The Natural Food Expo West is growing each year now filling not just one but spilling over into two floors of the Anaheim Convention Center. While it's a fun filled show with every kind of food bar, chips, tea and chocolate you can imagine, I'd hardly want to be consuming these types of food all the time, in fact, these foods are essentially snacks. Since natural foods are defined as minimally processed, rather than pure, fruits and vegetables, etc. that come to us naturally, I get it but would have rather immersed myself in the Garden of Eden!

Monday, February 23, 2009

A Study A Day?

Reading a study a day in the latest health magazine doesn't necessarily keep the doctor away.

Sometimes it's not clear how you should apply this information to your particular diet. Sometimes another study is more information out of context that you need to sort through. Sometimes too much information complicates the picture instead of sorting it out. Knowing about the research is fine but how you use what you've learned may be a whole different exercise.

Color your plate for healthy eating

Think in color themes - if your plate isn't colorful at each full meal think again about what you are eating.

Some fun suggestions to start...

Breakfast - think American flag colors
Dinner - think Fall colors - orange, beige, brown, yellow, red and green

How will you paint your plate?

Simple cooking or do you do microwave?

In a nutshell that's microwaving for most because you don't have to watch the burner, you can eat out of the same dish you cook in and it's fast.

I'm giving seniors who have never cooked before lessons in how to simplify the meal process. It's that easy.

Sunday, February 22, 2009

Food is art

All this input can be confusing so how do we keep eating simple? Think of your plate as art - anykind of art you like as long as it's colorful and multi-textured. If not consider changing your plate!

Chaos means a lot of choices

Maybe too many but maybe just what you need. And a lot of choices means a lot of variety which is good for our diet.

Picky Eating

It's great to be a picky eater if you know what your picking! Don't just pick what is in front of you, know what to select, how much and remember to mix it up and pick a lot of different foods.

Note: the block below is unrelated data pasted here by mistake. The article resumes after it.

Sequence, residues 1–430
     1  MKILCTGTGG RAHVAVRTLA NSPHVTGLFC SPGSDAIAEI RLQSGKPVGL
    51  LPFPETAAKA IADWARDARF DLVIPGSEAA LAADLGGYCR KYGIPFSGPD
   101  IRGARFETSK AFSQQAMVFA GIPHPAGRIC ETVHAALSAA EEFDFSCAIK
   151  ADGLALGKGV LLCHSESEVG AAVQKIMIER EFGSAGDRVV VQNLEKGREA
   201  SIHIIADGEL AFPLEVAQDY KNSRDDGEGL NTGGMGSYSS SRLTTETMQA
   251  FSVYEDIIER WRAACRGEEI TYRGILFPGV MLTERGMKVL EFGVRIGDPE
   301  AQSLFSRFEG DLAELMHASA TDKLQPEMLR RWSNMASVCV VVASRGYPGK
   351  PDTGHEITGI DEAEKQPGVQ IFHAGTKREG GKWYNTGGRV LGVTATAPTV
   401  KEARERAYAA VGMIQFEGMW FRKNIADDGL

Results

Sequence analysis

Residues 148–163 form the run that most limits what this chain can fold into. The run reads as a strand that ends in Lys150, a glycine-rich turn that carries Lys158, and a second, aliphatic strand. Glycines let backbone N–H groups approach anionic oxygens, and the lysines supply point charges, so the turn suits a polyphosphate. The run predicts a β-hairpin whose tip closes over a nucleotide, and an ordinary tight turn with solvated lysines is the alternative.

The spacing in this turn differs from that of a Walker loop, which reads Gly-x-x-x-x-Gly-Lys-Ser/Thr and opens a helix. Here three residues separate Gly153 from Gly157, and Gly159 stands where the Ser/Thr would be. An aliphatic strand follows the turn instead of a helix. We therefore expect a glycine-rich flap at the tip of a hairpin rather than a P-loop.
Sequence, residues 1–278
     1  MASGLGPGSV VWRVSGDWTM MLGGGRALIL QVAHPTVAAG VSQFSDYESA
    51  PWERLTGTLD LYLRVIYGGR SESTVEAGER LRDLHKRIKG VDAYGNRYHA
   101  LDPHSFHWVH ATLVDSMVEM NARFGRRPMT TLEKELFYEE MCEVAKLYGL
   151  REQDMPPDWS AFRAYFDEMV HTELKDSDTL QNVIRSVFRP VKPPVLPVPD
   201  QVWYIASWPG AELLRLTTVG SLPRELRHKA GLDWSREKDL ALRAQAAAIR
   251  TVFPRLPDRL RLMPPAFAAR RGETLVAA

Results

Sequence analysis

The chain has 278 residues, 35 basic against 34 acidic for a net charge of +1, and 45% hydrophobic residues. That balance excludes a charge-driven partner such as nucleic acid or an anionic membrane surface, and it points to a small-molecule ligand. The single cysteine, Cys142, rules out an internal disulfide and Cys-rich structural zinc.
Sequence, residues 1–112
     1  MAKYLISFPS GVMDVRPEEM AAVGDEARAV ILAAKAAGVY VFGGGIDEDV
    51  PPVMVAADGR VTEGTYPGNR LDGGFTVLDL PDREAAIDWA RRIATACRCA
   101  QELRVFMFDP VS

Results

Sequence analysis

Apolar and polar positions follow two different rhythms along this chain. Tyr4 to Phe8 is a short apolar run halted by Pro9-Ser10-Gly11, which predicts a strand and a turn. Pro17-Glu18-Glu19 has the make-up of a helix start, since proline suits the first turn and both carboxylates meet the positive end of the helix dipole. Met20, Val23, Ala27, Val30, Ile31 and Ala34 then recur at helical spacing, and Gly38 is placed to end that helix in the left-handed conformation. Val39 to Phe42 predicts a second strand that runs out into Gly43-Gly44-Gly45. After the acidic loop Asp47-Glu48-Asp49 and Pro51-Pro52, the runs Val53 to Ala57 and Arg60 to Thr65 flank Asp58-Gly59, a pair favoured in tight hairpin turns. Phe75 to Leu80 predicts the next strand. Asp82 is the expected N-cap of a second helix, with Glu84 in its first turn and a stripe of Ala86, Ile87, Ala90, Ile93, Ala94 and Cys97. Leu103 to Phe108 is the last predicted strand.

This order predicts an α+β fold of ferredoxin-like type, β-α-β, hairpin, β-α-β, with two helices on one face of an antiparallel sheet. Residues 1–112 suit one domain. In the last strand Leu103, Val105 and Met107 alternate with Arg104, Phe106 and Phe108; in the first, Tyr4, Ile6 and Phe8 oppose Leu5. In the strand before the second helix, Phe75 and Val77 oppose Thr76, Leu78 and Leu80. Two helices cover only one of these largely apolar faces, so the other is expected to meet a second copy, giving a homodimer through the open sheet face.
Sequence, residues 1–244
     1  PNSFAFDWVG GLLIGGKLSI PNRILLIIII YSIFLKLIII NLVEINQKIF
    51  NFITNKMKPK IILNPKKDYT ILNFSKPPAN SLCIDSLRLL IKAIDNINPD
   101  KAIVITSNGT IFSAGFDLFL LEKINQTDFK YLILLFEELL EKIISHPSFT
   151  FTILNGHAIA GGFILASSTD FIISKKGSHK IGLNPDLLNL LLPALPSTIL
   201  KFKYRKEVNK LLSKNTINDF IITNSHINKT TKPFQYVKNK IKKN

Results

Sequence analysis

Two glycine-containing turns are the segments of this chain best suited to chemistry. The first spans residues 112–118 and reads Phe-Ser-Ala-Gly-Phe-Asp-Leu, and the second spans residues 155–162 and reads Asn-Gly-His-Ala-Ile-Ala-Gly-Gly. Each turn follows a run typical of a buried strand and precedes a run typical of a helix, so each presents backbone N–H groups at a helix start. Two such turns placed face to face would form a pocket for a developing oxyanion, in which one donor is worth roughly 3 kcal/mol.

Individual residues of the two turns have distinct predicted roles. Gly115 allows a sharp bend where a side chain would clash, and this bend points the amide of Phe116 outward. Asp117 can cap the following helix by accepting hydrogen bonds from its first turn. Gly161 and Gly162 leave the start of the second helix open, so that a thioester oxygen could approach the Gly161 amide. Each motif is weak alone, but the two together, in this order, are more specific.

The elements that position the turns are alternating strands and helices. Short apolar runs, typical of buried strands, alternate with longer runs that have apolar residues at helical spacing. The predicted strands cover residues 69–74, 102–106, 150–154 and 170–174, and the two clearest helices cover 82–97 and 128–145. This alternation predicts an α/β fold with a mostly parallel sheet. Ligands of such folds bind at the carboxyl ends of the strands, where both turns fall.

Thursday, February 19, 2009

Vitamin D

Have you had your Vitamin D checked? It's not part of a standard annual exam but a good idea to ask your doctor to check at your next physical. With all the advice to stay out of the sun to avoid skin cancer, most use sunscreens and are staying out of the sun. Combined with the fact that many are lactose intolerant and don't drink milk fortified with Vitamin D likely the best source in our diet, many of us don't consume enough Vitamin D nor have enough sun exposure for our bodies to produce. Lack of sufficient Vitamin D can result in premature osteoporosis, a weakened immune system, stones, etc.

If you need a supplement consider taking D3 with Vitamin K to facilitate absorption.

Monday, February 9, 2009

A touch of this and that

Try adding "a touch" to your foods - little nutrient content and usually big on taste. When eating well, have you tried adding "a touch" of what you love eating to your food but not going overboard? For example, if you add a tablespoon of sorbet to your fruit and nut snack, it turns the snack to an indulgent one and still permissible. Similarly, an ounce or two of a healthy version of cream of mushroom soup, asparagus soup, etc. could make all the difference to your vegetable servings and meal. Go for the lowest saturated fat, calorie and carbohydrate version you can find. Some of us may need to watch sodium added and sodium labels. If you can stick to grocery foods under 500 mg of sodium per serving, it might be a good thing. I keep my saturated fat as low as possible while still getting enough mono and unsaturated fat in my diet. I'm on a stay away from dairy diet right now.

Enjoy your touch ups!

Monday, February 2, 2009

Listening to Our Bodies

What ever happened to listening to our bodies? When we eat something how does it make your body feel health wise? If the first time you eat a fatty food in a while feels bad, that should tell you something. Getting used to a bad thing is never good. Our bodies are very intelligent and we need to remember to listen.

Whole nutrition

We seem to be practicing nutrition by dissection more and more these days. If cocoa is good, chocolate must be great. Say what about the sugar content? Avocado oil is great but what's in that guacamole? When we choose a food, we should think about it in the context of your whole diet and the portion you really eat.

Wednesday, January 28, 2009

Free Calorie Counter, Diet & Exercise Journal -

Have you tried It's free and easy to use to track what you eat. My diet is very, very healthy but the site is not accurate in terms of weight loss predictions.


About Me

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First trained as a food chemist and nutritionist, my career began enriching a Twinkie, comparing the nutrition of a Twinkie to an apple and studying the role of sugar in the diet. With an M.B.A. and years in food and pharma understanding consumers and manufacturers, I'm back to where I started - food should taste great and serve to keep us healthy. To do so, there needs to be consumer awareness. Consumers need to vote for what they want by buying what they really want. If they buy impulsively, that's what they will see more of. They need to practice balance and responsible choices. That's when change will come. Please engage me with your conversation so that I can help you make and stick to better food choices that you enjoy. You'll gain a deeper appreciation of food not only from farm to table but farm to health. My vision is to promote solutions for healthful food and food practices you can happily embody and embrace!